Once again a sense of tension and mild unease has been created around guitarist / vocalist Mike Murphy’s dramatic, slightly askew pop concoctions, and (collectively) the group’s oddly-alluring, decidedly left-of-centre melodies.
This is perhaps not as overtly sixties-oriented as they’ve sounded on previous offerings, the soaring New England-style Amanda Lavender being one of their most potent examples, yet, similarly to last year’s excellent Dandelion Eyes single, much here hinges on Steven Penn’s especially prominent organ lines, evocative and softly hypnotic, and which reverberates with a purity of sound that was a feature of so many of the great mid-to-late sixties combos.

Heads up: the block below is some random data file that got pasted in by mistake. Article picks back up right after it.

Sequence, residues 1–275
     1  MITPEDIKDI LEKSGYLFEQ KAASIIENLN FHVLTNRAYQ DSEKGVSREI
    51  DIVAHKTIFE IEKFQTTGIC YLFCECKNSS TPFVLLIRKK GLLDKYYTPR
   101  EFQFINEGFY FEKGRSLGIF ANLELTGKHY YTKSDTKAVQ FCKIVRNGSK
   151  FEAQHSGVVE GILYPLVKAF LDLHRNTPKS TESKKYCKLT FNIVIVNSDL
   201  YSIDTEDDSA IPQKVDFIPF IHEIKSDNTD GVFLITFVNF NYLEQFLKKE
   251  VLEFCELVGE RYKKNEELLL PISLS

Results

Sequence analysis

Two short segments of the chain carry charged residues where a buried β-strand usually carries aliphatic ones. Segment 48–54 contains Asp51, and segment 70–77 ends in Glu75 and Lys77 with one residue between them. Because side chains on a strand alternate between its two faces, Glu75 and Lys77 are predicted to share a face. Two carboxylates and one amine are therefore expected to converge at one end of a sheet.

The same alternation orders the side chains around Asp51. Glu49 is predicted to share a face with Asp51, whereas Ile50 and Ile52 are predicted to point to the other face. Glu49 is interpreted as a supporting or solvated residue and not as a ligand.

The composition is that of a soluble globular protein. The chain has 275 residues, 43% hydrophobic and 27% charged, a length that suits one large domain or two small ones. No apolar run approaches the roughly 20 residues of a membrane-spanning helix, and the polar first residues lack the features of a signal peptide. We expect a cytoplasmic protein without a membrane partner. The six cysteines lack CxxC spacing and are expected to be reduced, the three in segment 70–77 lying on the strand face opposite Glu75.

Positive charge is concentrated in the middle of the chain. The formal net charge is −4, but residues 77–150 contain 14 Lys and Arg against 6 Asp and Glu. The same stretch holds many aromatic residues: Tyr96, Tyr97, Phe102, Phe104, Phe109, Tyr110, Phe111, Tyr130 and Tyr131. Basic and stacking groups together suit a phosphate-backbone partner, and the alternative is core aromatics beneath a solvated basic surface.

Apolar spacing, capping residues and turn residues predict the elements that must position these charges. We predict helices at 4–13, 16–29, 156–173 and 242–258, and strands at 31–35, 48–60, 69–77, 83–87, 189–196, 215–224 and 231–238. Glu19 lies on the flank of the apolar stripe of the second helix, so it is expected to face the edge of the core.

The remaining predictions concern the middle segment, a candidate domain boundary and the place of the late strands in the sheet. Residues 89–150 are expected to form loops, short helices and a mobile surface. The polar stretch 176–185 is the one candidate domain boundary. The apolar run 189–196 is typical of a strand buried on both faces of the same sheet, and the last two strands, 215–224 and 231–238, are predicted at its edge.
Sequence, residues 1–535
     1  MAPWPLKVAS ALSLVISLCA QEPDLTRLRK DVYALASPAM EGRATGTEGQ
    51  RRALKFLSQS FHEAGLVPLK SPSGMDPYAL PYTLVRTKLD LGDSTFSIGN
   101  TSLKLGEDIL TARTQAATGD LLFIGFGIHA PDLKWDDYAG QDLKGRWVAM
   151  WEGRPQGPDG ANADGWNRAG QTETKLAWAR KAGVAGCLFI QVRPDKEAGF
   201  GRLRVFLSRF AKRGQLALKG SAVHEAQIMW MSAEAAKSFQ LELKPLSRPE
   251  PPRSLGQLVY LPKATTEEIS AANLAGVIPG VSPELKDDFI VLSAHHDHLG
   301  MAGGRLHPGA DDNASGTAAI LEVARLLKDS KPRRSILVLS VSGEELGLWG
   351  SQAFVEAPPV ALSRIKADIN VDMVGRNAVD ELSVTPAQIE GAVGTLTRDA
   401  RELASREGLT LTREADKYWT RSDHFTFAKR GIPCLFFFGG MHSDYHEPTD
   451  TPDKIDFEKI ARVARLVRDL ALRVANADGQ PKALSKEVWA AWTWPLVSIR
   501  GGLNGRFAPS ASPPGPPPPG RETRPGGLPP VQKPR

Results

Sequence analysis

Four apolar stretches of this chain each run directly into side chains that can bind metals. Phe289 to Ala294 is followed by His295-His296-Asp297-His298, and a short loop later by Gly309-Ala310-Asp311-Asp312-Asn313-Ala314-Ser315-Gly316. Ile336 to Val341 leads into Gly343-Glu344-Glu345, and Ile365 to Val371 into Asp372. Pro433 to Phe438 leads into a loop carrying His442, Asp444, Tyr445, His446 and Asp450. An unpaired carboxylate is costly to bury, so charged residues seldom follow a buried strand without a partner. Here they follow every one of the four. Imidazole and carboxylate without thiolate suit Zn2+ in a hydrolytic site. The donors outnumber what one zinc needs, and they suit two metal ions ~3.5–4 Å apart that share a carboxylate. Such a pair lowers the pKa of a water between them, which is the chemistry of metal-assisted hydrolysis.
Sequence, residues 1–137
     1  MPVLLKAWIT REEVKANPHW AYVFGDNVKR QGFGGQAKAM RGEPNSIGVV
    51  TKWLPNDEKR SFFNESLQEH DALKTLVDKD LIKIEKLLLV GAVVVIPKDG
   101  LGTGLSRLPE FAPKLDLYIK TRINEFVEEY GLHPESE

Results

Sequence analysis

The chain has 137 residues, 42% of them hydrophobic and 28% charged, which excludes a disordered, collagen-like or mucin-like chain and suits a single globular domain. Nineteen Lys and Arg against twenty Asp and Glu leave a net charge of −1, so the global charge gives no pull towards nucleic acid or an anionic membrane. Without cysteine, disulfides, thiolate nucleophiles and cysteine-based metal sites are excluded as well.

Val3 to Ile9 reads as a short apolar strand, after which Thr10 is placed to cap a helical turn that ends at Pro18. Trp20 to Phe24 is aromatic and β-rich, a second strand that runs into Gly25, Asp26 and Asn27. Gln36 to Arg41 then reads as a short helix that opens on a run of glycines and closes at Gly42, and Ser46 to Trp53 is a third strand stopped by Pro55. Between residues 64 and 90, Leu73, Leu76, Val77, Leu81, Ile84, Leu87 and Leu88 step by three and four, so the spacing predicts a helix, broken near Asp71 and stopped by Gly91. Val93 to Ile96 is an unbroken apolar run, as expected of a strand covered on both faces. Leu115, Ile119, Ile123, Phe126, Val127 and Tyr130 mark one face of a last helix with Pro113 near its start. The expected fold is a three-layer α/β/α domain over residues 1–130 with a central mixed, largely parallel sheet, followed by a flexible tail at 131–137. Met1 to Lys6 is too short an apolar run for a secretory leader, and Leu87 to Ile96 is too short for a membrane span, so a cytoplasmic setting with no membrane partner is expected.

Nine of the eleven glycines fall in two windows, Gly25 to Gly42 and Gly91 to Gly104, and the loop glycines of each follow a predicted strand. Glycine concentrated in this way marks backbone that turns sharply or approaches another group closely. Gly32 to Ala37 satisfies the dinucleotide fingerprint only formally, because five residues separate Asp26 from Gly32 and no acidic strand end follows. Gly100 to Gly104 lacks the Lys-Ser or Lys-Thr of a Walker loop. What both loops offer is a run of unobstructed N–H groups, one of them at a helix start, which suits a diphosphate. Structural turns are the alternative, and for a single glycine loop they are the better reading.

The moody dynamics, slightly downbeat tone and mildly foreboding air heard in such as Voodoo Moon and its flip Nightbird are among this Liverpool group’s strongest characteristics; aspects which the group build around and, indeed, thrive upon which places them in a fairly unique position within today’s often patchwork musical tapestry.
Their songs are also almost always wide-eyed with wonder, attractively open minded; part vintage psychedelic pop, part modern art-rock presentation. Everywhere, and nowhere, amid the incessant clamour of today’s third-hand ideas, The Wicked Whispers are trying to reach out to find their own voice.